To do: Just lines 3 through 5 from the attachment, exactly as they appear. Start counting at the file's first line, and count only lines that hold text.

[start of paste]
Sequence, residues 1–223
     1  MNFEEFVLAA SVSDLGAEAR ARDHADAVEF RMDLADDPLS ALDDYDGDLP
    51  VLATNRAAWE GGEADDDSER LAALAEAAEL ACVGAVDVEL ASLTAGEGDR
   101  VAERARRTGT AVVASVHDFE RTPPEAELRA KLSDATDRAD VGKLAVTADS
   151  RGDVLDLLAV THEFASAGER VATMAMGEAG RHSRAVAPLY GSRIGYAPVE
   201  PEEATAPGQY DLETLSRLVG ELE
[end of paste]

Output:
    51  VLATNRAAWE GGEADDDSER LAALAEAAEL ACVGAVDVEL ASLTAGEGDR
   101  VAERARRTGT AVVASVHDFE RTPPEAELRA KLSDATDRAD VGKLAVTADS
   151  RGDVLDLLAV THEFASAGER VATMAMGEAG RHSRAVAPLY GSRIGYAPVE